5 tips for farmers’ market season

 in Lifestyle

Spring and summertime signals the start of farmers' market season. These open-air markets provide some of the freshest ingredients to culinary academy students. If you're new to this mode of shopping, there are some things to keep in mind.

Do your research
Before heading to the market, do a quick search on what's in season in your area. Not only will this make your choices easier, but it leaves less room for disappointment if you can't get something you thought would be available. Feel free to talk to the vendors once you're at the market about what will be in season and attainable in upcoming weeks.

Come prepared
Each market is different, but a good rule of thumb is to bring your own means of transporting your purchases. With an idea in mind of what you're looking to purchase, you can better decide how best to carry your goods. While lightweight and easy-to-carry tote bags will usually suffice, in warmer temperatures you may want to bring a cooler to store your purchases. Small, reusable plastic bags are great for keeping delicate items, like herbs, safe, and a bottle of water can keep perishable items hydrated throughout your shopping.

Shop around before buying
There's nothing worse than purchasing something at one stall, only to discover it was cheaper at another later in your tour of the market. If you know what you're looking for, scope out different vendor's products for both price and quality. Try not to make an impulse buy without checking out what else is available to you first.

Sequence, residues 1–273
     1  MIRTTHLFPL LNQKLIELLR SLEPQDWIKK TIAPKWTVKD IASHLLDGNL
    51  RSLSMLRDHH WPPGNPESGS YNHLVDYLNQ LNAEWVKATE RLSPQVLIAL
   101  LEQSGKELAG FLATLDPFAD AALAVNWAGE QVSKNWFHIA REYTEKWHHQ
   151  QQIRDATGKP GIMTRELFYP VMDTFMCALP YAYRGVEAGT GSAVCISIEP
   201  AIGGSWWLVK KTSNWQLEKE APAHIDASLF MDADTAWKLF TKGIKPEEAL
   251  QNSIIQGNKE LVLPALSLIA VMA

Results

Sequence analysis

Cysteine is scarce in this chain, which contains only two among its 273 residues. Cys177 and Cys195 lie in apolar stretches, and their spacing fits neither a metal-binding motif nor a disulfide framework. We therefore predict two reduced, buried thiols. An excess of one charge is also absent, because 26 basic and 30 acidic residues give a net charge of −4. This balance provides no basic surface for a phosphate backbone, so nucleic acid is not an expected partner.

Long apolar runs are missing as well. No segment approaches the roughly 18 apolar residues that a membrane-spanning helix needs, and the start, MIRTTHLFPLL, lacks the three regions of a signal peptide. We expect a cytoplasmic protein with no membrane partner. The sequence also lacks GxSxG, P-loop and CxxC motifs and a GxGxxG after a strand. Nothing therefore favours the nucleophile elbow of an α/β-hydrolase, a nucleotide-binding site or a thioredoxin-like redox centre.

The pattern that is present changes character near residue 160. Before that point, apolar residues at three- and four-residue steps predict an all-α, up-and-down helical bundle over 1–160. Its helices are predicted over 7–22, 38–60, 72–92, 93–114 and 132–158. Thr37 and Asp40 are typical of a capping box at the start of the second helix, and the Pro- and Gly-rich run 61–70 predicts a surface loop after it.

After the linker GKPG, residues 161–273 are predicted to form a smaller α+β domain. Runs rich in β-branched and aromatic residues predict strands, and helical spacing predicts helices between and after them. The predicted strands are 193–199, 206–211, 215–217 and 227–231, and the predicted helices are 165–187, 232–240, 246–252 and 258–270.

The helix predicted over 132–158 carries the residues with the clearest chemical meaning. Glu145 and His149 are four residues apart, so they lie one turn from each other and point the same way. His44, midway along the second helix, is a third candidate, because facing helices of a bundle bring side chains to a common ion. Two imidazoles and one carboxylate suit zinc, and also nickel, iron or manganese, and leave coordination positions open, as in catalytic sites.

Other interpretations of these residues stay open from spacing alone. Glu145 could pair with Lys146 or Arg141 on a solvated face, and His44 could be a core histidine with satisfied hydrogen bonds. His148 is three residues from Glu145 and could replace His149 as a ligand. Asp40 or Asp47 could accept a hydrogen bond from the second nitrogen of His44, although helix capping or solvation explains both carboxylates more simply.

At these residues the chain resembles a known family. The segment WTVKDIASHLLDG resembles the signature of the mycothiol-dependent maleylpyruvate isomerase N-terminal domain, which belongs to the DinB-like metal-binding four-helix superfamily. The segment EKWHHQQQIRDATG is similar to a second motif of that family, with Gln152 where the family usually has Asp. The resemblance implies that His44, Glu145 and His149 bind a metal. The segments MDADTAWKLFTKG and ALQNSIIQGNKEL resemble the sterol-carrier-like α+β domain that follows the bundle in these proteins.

Bring small bills and change
Most vendors are cash-only and sell their goods in dollar or 50 cent increments, so showing up with your change purse is a good idea. Not only will it make your purchasing faster and easier for you, but the farmer will appreciate your preparedness.

Talk to the farmers
Farmers' markets are a perfect opportunity to find out how the food you're purchasing is grown from the source. Most farmers are proud of their products and would love to tell you how the background of their operation and goods. Not only will they be able to tell you how their food is grown (organic, use of pesticides, etc), but they'll be able to tell you how to use it, offering valuable cooking pointers along the way.

Farmers' markets are great chances for students in culinary arts programs to buy local, fresh products, while also educating themselves on the growing process. Incorporating these seasonal products into their dishes, chefs are guaranteed to have delicious and nutritious meals.

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